Occupational Outlook In The Near Future

Getting an organizational management degree and developing the necessary skills are only part of the equation. It’s always prudent to know what the occupational outlook for any given field is to not only get a sense of its salary range but to also understand whether it’s going to be a viable career option. The good news is that management careers in general have a strong outlook over the next ten years. In fact, business management jobs in generals have one of the strongest outlooks of any field at the moment. Everything from sales management to training and development management falls into this category. All of them have higher salary ranges, well above the $50,000 mark with many of them above $100,000. Organizational managers can fit in well with most of these fields and go on to a successful career.

Careers In Organizational Management

While the outlook and variety of available work are fairly well established at this point, you may be wondering exactly what kind of careers you can actually get into with a Bachelor’s or Master’s degree in the field. Here are a few highlights for the bachelor’s degree level:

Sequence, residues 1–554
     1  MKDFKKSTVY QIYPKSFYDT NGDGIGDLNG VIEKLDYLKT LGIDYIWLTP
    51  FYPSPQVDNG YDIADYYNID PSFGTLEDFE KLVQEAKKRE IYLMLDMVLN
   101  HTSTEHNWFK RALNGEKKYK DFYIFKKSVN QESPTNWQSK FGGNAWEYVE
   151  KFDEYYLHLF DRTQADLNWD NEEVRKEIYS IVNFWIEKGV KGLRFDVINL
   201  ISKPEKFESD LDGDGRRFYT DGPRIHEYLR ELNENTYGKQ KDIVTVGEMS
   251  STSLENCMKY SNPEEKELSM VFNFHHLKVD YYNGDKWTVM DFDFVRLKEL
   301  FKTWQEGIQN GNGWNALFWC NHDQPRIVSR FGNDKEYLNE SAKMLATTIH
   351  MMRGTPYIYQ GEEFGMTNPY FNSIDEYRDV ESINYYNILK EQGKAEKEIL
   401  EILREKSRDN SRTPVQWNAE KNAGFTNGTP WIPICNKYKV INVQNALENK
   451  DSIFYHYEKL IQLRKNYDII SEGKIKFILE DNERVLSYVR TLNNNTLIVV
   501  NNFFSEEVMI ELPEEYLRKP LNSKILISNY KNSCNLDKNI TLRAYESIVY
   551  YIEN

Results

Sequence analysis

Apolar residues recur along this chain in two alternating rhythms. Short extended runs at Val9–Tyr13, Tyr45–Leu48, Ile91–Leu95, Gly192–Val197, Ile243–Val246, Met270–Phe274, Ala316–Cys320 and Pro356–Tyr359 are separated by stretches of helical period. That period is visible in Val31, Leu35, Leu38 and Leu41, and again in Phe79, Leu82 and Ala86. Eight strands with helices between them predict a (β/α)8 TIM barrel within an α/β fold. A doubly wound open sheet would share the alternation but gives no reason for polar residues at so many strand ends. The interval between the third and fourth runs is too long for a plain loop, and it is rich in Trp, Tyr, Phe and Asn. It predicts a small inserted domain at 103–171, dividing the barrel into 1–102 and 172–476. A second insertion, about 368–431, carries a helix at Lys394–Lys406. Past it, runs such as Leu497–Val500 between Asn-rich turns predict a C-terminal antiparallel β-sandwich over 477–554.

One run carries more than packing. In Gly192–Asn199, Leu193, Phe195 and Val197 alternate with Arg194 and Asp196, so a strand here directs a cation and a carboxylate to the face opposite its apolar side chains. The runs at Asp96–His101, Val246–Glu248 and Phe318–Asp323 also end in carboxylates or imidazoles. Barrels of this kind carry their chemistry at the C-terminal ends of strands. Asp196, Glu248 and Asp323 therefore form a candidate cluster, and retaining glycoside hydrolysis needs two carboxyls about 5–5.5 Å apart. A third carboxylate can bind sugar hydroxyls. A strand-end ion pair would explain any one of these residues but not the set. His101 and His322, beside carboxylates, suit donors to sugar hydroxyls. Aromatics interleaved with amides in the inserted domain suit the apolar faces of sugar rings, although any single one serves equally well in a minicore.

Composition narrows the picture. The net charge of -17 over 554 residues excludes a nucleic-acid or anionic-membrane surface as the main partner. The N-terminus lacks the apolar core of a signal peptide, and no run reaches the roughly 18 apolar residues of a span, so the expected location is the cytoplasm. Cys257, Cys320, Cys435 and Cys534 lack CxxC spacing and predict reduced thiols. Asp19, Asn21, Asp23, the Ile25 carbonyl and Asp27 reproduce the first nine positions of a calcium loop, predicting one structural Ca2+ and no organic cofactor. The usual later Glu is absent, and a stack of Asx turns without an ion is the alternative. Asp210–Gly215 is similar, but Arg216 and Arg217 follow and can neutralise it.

Managing a small business – organizational leadership degree programs prepare prospective managers for managing the minutiae of running a small business. As the manager, you’ll undoubtedly be responsible for recruiting, training, talent development, and developing operational strategies at the business. Since it’s on a smaller scale, every decision counts.

Becoming a sales manager for a corporation – focusing on a sales target, hiring/recruiting good people, and superb communication skills drive success in sales.

Retail management – requires many of the same skills as sales management, but it’s an entirely different atmosphere as far as running an operation and managing a team is concerned.

Government work – there’s plenty of work at the governmental level for organizational leaders. Effective strategizing, development, and communication are a few of the most essential skills needed to succeed at such jobs.

Getting a master’s degree opens up further career opportunities, such as:

Human Resources Manager – Human resources and training are essential to modern businesses. HR managers help to recruit and developing talent at a high level while simultaneously creating retention/optimization strategies.

Marketing – managers in this area develop effective strategies to improve relationships with customers and manage the teams responsible for marketing, sales, and products.

Consultant – consultants help organizations run their businesses more effectively. As an expert in the field, you can help create and drive effective strategies to help various businesses across a variety of industries thrive.

Payroll managers, Project managers, and Benefits managers are also well-paying careers available at the master’s level. There are many, many more careers available to organizational leaders. Finding the one that suits you best can be a challenge, but eventually leads to a fulfilling, long term career in an exciting field.